One of the things I hated most in how my house looked before our super frugal home makeover was our blinds on our window in the living room part of our main room. They were given to us by friends who no longer wanted there, they were a color I hated, and they were half broken. I knew that one thing that absolutely needed to be done in our makeover was getting curtains for this window, pretty curtains that matched our color scheme.
However, I didn't want grey curtains since it would be right above our grey couch, and I thought that that was a bit much. And as much as I like orange, I felt orange curtains would be a little garish and a little too "retro" for my taste. So that left me with blue.
I didn't want the curtains to feel to heavy- I wanted something fresh and lively and light, so when I spotted this light blue fabric at the fabric store, I knew it was perfect. I loved that it was patterned yet not, so a little more interesting than just plain blue fabric, but not too busy looking either. And it was light enough to allow light through, yet thick enough to give us a little bit of privacy. The fabric was discounted- which was a plus, but the reason it was discounted, less so; it was just one yard long, which I thought would be enough... but was not. I mean, when I took it home and measured it, it was the right size to cover my window, but not to reach to the curtain rod a few inches above. On top of that, it also was cut unevenly, so it would need to be hemmed a good few inches shorter to hide the jagged edges.
|Testing out the fabric to see... Nope. not long enough.|
I had a problem. I could either scratch the idea of making curtains with this fabric, something I really didn't want to do also because I didn't want to have wasted money on this fabric, and also because I really loved it, and it was so perfect, other than its imperfections, that is... or I could try to figure out a solution to use the fabric somehow, so that it would cover the window entirely.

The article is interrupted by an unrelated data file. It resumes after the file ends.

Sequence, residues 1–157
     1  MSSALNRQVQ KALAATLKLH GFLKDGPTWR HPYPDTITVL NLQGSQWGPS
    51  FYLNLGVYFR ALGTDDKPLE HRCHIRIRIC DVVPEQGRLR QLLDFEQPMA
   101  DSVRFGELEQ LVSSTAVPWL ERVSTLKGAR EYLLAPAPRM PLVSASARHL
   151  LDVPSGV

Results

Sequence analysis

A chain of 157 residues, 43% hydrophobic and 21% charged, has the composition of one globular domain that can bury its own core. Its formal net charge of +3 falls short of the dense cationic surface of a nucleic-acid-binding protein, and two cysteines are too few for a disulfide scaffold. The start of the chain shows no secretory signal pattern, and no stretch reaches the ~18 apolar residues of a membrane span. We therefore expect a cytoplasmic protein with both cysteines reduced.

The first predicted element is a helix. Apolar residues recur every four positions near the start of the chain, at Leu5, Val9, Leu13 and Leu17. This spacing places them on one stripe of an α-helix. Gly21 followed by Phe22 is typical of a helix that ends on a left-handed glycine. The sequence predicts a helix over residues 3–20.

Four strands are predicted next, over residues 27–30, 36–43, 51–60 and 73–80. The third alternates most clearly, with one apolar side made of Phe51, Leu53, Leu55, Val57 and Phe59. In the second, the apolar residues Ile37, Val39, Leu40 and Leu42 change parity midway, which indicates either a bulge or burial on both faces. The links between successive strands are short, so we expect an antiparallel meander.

One solution was to turn the fabric on its side, because it was wider than it was tall. However, I was loathe to do that because the shape and angle of the triangles made me feel that they needed to be that way; it didn't look "right" to me turned 90 degrees.
The other solution was to extend the fabric somehow, and at first I thought to maybe add a panel of another color, either at the top or the bottom, but when I thought about that, that just sounded so horrible and tacky looking, and the whole point of this home makeover was to make the place look good, so if I didn't have the best feeling about an idea, it wasn't going to happen.
Then I realized that I had a little bit of grey fabric left over from making the couch slipcovers, and since these curtains would be hanging right above the couch, I thought having the grey in the curtains would work nicely and not look bad. But I didn't have enough for an extra panel, not that I wanted to do so anyhow, because I still felt it would look like a "fix" and not something I'd intended from the start.
And then it hit me- top tabs for the curtains- long enough so that the blue would only need to hang over the actual window, and not reach the curtain rod at the top. It would need less fabric than a panel would, and look intentional, not as an afterthought. I just had to make sure I had enough grey to make the right amount of tabs to not look skimpy, but I wasn't sure if I would.
I cut the fabric into rectangles and then folded them in half and sewed them, then flipped them inside out until I got this. (Actually, to be perfectly honest... my 8 year old son, Lee, did them.)
I had enough fabric to make 9 of them and I hoped it would be enough! I then ironed the tabs so they would lay flat and that the seam would be facing the inside.